- RPT - Canadian Deportation Process Against Ex-Nazi Oberlander Could Take Up to 2 Years - Lawyer
RPT - Canadian Deportation Process Against Ex-Nazi Oberlander Could Take Up To 2 Years - Lawyer
Umer Jamshaid 3 months ago Fri 12th March 2021 | 11:11 AM
TORONTO (UrduPoint News / Sputnik - 12th March, 2021) Canadian deportation proceedings against former Nazi Helmut Oberlander could be prolonged for up to an additional two years after the country's Federal Court ordered a stay of hearings, international criminal lawyer John Philpot told Sputnik.
Last month, Canada's Immigration and Refugee board (IRB) postponed proceedings against Oberlander until March 19, at the earliest, after a federal judge ordered a review, citing the defense's arguments regarding health issues and potential civil rights violations.
"It could take another year or two," Philpot said, noting that the fact the Federal Court of Canada chose to review the case is significant, considering that only 3 to 4 percent of deportation cases are reviewed.
Philpot said the review process could take a considerable number of months after the leave was granted while parties file their briefs. The case, he added, could wind up in the Federal Court of Appeal, should a Federal Court justice rule the case a "significant legal issue," which could exceed the length of the initial review.
If the case was taken up by the Supreme Court, Philpot added, the process could last three to four years. However, he assessed this to be an unlikely scenario.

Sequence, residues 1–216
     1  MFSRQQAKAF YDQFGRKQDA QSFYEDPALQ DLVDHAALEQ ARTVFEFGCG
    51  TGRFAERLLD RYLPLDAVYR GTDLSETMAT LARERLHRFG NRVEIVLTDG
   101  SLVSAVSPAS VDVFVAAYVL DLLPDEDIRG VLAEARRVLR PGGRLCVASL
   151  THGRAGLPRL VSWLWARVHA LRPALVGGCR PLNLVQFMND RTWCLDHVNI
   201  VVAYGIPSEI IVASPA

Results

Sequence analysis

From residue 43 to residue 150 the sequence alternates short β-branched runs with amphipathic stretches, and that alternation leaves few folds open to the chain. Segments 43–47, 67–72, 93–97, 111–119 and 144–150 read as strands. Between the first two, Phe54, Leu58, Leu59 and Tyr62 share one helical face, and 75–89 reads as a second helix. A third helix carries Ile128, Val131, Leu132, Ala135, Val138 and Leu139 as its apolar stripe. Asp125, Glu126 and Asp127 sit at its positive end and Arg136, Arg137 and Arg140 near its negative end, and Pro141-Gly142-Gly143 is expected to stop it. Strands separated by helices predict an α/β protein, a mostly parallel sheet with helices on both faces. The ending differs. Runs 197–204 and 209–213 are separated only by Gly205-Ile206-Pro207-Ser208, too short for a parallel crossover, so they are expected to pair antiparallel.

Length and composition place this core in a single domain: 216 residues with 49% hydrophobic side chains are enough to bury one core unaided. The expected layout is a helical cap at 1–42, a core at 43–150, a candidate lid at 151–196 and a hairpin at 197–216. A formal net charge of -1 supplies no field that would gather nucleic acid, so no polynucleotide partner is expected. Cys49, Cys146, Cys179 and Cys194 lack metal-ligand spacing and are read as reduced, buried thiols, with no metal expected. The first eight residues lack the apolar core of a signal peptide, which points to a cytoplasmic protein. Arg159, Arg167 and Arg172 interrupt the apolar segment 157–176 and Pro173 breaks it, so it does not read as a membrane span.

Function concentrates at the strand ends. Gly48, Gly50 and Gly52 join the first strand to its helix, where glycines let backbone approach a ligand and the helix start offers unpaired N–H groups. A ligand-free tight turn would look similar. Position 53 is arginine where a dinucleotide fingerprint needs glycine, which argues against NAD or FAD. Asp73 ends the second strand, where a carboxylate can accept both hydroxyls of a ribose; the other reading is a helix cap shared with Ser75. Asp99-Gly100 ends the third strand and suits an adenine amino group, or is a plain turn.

The veteran attorney said the defense's strategy is to prolong the case until the 96-year-old's death.
Federal Court of Canada Justice Richard Southcott, who ordered the review, sided with Oberlander's lawyers that the procession would have a debilitating impact on the former Nazi's health and that his hearing disability combined with the effects of the COVID-19 pandemic could impair his ability to comprehend and respond to the questions. The lawyers also raised concerns about an alleged abuse of process, violations of Oberlander's Charter rights and the ineffectiveness of any judicial reviews if the admissibility hearings are allowed to proceed.
Philpot added that Oberlander's advanced age and numerous reported ailments could make his deportation "problematic." He, however, downplayed the possibility of COVID-19 playing a significant role in the decision, explaining that someone of Oberlander's age has either been immunized against the disease or will be inoculated in the near future.
Philpot also underscored the foreign policy aspect of the case, saying that Canada's poor standing in the international community - citing Canada's failed bid at a United Nations Security Council seat, support for failed Venezuelan coup leader Juan Guaido and close alignment with US foreign policy - is influencing its effort to deport an individual like Oberlander.
"I think what Canada, maybe, is trying to do is curry favor with the international community by deporting Nazis," Philpot said.